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Rankin: Alfalfa varieties today look different than those of the 90s

Jan. 8, 2013 | 0 comments

Alfalfa has come a long way. Improvements in breeding programs and varieties have led to more yield, persistence and winter survival, and improved forage quality.

Along with this came many mergers and buyouts resulting in three alfalfa breeding programs left: Forage Genetics International, Pioneer (DuPont) and Dairyland/CalWest (Dow).

Mike Rankin, University of Wisconsin-Extension soils and crops agent in Fond du Lac County says, "Alfalfa varieties today look very different than those of the 1990s. We have seen a shift in fall dormancy ratings and we have seen many specialized traits such as forage quality, standability, PLH resistance, soil specific traits and glyphosate resistance. Also we are now seeing hybrid development."

He also points out, "Winterkill in the 1990s resulted in a shift in the focus of breeding programs to address the issue."

Rankin adds, "The relationship between fall dormancy, yield potential, and persistence has been broken. Yield doesn't need to be sacrificed for persistence and winter survival."

With more intense cutting regimes, plant breeders also developed alfalfa that could stand up under this stress.

In the area of quality, Rankin credits the development and use of scissors-cut programs for improvements in quality through decisions of when to begin cutting.

Nutritionists have also played a part as they guide their clients in order to improve the quality of their forages and increase milk production.


Rankin points out that soil nutrient levels are changing, too, and sometimes impacting alfalfa productivity.

More corn silage and higher fertilizer prices are trending the potassium levels in soil down and a lack of sulfur in rainfall with environmental rules regulating utilities, sulfur levels in the soil are also going down.

He continues, "We are also seeing higher removal rates due to greater yield and more frequent cutting."

While alfalfa lags behind corn and soybeans in acquiring transgenetic traits, Rankin says there are some changes in the works including low lignin alfalfa, drought tolerant varieties, the development of yield genes, pest-resistant varieties (insects and diseases), and genetics resulting in improved protein utilization.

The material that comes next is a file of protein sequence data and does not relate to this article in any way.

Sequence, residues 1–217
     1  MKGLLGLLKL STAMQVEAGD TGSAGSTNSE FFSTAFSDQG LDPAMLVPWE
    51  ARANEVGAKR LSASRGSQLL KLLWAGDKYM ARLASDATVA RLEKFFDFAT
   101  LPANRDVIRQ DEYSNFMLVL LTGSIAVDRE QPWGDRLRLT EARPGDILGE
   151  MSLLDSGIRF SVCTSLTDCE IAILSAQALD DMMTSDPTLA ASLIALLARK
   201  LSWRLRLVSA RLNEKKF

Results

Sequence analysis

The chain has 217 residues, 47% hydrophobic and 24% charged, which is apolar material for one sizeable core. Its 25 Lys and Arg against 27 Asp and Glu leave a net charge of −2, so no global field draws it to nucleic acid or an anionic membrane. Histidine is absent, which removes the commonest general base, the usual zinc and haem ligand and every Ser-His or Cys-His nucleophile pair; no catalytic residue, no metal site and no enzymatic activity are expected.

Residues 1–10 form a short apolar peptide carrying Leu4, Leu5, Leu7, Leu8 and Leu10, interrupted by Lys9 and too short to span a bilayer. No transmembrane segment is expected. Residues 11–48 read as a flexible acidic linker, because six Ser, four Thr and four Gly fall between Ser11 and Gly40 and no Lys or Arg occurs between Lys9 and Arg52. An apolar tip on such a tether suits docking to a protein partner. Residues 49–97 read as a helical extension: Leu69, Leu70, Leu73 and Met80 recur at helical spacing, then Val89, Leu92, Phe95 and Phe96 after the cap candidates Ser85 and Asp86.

Growers in 2012 struggled with the affects of drought and insects and shorter, more frequent cut intervals.

The early spring resulted in a longer growing season. There was a record number of growing degree days, and that, combined with the drought, resulted in fewer days to flower.


Rankin says if drought was the only stress in 2012, alfalfa stands should bounce back without a problem. If there were also stressors from leafhoppers, late fall cut, or frequent cuts, there could be a risk.

Rankin said the seed supply looks like it will be adequate for 2013 but the best varieties will be in the shortest supply.

He also mentions there will be more coated seed on the market this year and he reminds growers that the coating makes up about one-third of the total weight of the seed so the seeding rate will need to be adjusted and more seed will need to be used.

Rankin recommends evaluating the alfalfa stands early in spring and then keep evaluating them often in order to make decisions about whether there will be an adequate forage supply.

Then decide on a plan: seed more acres, buy standing alfalfa, or seek an alternative feed.

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